Wednesday, October 26, 2011

The Titanic and Some of The Scots Who Died in The Disaster

The Titanic, a magnificent ship and the largest ever made up to its time, was built in Northern Ireland. Perhaps, they should have used John Brown and Company of Clydebank which built such world-famous ships as the Lusitania and the Queen Mary. Not sure if this is correct, but I have read that some of the rivets which failed in the collision may have been below standard.

The Titanic had a telephone system, lending library, swimming pool, squash courts and a gymnasium. First class passengers had the use of three elevators with one in second class. The most expensive one-way fare was $99,237.00 (using 2011 values).

The Captain was Edward John Smith who went down with his ship. His body was never recovered. The First Officer was William McMaster Murdock who was born in Dalbeattie, Dumfries, Scotland, and was the officer in charge on the bridge. If his body was recovered, it was never identified. In the recent movie he committed suicide which is not true because numerous people saw him in the water assisting others. The film producers were asked to change the suicide scene but they refused. Studio executives later flew to Murdock’s hometown to issue an apology to his surviving relatives and establish a memorial fund.

The orchestra was composed of eight people. The violinist was John Law Hume also from Dumfries, Scotland. It is true that the band played as the ship was sinking and one of the songs was Sarah Adams’ “Nearer, My God, To Thee.” John Hume was twenty-one and lived with his parents on George St. It was believed that when he finished this trip, he was to return home and marry. The body of John Hume was recovered and he is buried in grave #193 in Fairview Cemetery, Halifax, Nova Scotia.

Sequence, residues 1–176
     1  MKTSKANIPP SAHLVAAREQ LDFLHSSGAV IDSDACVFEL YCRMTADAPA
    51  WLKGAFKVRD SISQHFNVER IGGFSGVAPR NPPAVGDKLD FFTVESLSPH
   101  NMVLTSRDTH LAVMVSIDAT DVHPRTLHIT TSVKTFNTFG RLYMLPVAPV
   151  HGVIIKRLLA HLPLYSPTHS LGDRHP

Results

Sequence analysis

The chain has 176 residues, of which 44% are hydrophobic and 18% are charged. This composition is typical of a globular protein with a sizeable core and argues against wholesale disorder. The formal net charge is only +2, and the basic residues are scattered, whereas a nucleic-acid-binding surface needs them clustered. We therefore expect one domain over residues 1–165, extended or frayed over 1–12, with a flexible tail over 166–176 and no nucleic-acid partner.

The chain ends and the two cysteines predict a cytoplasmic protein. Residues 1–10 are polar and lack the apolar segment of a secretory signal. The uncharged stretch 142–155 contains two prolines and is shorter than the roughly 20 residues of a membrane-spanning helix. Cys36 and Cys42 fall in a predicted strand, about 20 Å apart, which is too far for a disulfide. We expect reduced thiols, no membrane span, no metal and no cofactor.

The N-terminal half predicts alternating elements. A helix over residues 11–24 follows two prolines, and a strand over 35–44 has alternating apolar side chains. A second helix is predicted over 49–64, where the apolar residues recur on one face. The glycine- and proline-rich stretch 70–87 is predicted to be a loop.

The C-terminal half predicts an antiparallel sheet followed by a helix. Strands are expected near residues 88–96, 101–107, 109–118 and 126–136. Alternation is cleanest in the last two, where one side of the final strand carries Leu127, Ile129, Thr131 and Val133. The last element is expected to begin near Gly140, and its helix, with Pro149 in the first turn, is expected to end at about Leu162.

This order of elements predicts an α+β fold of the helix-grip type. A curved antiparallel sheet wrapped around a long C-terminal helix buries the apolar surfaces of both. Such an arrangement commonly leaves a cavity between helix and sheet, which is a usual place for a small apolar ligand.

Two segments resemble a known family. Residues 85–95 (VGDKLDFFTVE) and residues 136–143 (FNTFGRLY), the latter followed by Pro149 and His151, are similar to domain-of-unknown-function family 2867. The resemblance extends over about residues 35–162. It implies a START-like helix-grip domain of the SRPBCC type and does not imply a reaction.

Another young man from Dumfries was Thomas Mullin. Thomas was 20 years old and single. His body was recovered (#323) and buried in Fairview Lawn Cemetery, Halifax, Nova Scotia on May 10, 1912. Later, the people of Dumfries would erect a monument to honor both men. The monument is 16.5 ft. in height and “covers a space of 9.5 square feet." On the front is an engraving of the Titanic and a bronze scroll of music containing the music for “Nearer My God to Thee”. I assume the monument is still in Dock Park. Perhaps, someone could check and let us know how the monument looks after nearly 100 years.

I received an email from Michael C. Copperthite who lives in Falls Church, VA. stating that a Scottish relative of his named Bert Copperthite also died on the Titanic. He was a fireman but I don’t know if his body was ever recovered. Michael if you have more information, please let us know.

The next meeting of the Scottish American History Club will be November 5th and we will share the program with the Scottish Home. Caroline Goldthorpe will present a program on “Life Aboard the Titanic.” Ms. Goldthorpe, formerly a curator with the Metropolitan Museum of Art, is now Director of Museum Studies at Northwestern University.

This paid lecture is a gift from Mr. and Mrs. Jamie McKechnie.  If you have questions please call the number below.

Wayne Rethford
President Emeritus
Illinois St. Andrews Society


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